A college degree is a key to unlocking economic opportunity, but it’s a dream that’s out of reach for millions of students in the United States. The traditional higher education system has left over 31 million students stranded with some college credit, but no degree. Passionate about making an impactful, systemic change, we developed the Working Scholars program. Through online learning, the innovative degree pathway addresses the four biggest barriers working adults face when trying to earn a degree: flexibility, cost, confidence and lack of a support system. The program simplifies and accelerates learning through technology and provides a personalized support system of instructors and coaches who help them throughout the entire process. Hundreds of students have already successfully graduated and earned their bachelor’s degree. By making education accessible, Working Scholars upskills the workforce of the future and combats economic inequality. The positive social and financial impact of this program is already being felt by many and will only get bigger as we continue to grow.
Can you please give us your favorite “Life Lesson Quote”? Can you share how that was relevant to you in your life?
I often quote Benjamin Franklin, who wrote, “do well by doing good”. This quote is something that I try to adhere to personally as I try to give back to those around me and at work where have we have a culture of social responsibility. With our mission of making education accessible, the better we execute our strategy and grow the closer we get to achieving our ultimate goal. This is the reason I’m so passionate about the future of Study.com and why I’m so excited to come to work each day.
You are a person of great influence. If you could inspire a movement that would bring the most amount of good to the most amount of people, what would that be?
I’d like people to be open-minded and reimagine higher education. For years our education system has had success following a linear approach; attend a brick-and-mortar school from K-12, attend a university and continue to sit in class, earn a degree, and then land a job. However, as technology and society have evolved, that path has become outdated and increasingly challenging for people to succeed in.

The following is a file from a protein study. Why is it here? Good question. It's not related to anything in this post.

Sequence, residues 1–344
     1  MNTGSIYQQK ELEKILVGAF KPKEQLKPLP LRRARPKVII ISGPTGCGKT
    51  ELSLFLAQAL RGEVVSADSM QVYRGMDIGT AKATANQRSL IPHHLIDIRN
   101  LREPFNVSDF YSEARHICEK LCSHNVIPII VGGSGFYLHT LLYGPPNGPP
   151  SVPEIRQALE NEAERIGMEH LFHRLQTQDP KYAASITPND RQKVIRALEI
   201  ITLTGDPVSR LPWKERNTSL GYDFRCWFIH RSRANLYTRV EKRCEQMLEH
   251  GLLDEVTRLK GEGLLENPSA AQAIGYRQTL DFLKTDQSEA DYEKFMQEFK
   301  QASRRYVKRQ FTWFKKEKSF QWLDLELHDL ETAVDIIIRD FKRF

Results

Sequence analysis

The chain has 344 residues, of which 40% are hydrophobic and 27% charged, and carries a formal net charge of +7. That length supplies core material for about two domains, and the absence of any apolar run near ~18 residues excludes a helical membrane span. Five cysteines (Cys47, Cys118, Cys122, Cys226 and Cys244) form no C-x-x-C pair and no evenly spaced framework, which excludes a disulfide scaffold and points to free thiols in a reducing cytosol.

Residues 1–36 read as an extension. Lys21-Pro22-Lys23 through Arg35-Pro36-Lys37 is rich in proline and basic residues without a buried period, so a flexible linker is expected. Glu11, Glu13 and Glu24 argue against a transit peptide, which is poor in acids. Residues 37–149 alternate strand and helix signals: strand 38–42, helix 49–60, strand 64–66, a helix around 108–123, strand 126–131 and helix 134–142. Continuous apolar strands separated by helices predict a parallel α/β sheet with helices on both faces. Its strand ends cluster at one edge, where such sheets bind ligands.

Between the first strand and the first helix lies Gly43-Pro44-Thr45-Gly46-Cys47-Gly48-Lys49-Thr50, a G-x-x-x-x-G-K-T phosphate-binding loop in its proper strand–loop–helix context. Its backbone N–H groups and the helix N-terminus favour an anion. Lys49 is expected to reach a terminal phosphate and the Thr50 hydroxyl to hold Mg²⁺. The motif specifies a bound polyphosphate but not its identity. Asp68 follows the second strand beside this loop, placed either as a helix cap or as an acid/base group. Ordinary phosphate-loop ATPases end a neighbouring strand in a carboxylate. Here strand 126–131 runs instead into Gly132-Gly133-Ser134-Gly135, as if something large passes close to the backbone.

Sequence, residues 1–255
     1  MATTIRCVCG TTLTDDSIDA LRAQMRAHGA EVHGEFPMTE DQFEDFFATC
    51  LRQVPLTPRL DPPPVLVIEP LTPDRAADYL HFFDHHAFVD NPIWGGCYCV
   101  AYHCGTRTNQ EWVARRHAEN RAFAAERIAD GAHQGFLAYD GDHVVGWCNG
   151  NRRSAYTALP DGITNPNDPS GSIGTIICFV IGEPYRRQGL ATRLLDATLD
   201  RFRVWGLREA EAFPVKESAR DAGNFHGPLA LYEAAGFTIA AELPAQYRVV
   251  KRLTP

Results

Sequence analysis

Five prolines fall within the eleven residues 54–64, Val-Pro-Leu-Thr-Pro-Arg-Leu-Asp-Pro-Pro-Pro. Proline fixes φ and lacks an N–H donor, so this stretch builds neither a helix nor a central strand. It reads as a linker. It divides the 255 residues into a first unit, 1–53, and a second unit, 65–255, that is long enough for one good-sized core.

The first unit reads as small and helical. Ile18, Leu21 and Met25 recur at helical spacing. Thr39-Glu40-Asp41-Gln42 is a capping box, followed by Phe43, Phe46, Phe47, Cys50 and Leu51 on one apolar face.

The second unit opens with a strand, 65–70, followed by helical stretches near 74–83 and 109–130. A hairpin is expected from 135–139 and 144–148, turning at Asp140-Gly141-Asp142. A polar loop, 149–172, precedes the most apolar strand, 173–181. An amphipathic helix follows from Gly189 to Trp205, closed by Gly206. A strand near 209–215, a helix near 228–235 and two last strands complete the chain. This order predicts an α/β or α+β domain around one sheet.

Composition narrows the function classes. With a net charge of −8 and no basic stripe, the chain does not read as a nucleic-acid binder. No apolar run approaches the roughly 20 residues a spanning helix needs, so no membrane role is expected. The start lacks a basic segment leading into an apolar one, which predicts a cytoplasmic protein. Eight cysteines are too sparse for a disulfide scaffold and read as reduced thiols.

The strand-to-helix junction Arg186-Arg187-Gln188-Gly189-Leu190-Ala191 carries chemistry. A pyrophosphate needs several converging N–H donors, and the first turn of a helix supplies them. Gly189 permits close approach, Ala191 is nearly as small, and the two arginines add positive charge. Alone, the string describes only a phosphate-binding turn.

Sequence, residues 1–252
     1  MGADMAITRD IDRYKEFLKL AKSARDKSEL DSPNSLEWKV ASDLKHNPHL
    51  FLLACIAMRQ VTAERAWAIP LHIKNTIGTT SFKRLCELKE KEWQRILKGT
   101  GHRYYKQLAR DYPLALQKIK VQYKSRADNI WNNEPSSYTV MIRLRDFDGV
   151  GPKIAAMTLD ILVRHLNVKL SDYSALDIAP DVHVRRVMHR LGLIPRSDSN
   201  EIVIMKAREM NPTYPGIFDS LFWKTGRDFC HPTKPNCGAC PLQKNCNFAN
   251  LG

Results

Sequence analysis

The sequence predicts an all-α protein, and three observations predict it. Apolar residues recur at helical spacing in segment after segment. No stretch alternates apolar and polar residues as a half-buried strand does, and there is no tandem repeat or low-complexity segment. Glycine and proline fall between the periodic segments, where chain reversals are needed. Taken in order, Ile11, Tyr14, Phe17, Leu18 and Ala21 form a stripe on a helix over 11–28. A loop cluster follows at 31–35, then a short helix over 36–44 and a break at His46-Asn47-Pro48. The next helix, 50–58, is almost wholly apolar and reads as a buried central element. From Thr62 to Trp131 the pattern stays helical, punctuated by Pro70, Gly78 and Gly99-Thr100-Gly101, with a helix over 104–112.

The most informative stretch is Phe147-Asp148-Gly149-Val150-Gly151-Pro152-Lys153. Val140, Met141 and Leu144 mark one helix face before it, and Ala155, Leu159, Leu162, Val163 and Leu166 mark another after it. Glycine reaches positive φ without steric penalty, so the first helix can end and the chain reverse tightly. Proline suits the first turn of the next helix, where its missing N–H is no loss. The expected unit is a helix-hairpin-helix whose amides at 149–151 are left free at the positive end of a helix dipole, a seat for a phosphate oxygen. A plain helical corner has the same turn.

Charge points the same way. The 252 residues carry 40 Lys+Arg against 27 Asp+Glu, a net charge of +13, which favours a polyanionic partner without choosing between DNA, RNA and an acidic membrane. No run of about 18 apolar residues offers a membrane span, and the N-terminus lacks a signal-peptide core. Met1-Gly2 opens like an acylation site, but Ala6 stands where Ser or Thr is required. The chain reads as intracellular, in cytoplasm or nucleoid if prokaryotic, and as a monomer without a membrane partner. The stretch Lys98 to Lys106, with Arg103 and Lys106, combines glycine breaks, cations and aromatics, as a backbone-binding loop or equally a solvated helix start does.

First, I encourage us to recognize that education can’t be one size fits all. Students are going to be more successful with their studies if academic methods are personalized to meet their preferred learning styles and if they have the flexibility to progress at their own pace. By transforming the way people learn we are making education more accessible and also giving them the confidence and skills necessary to achieve better futures. Bring education to people, instead of people to education.
Additionally, I’d like people to approach learning as an ongoing process. In order to be successful in today’s workforce, we need to constantly develop new skills and advance our knowledge. Technology and its impacts are changing at an accelerated rate, which means our approach to education and learning needs to follow suit. The career you have today will look completely different just a few years from now. Embrace being a life-long learner so you can successfully adapt to the everchanging landscape.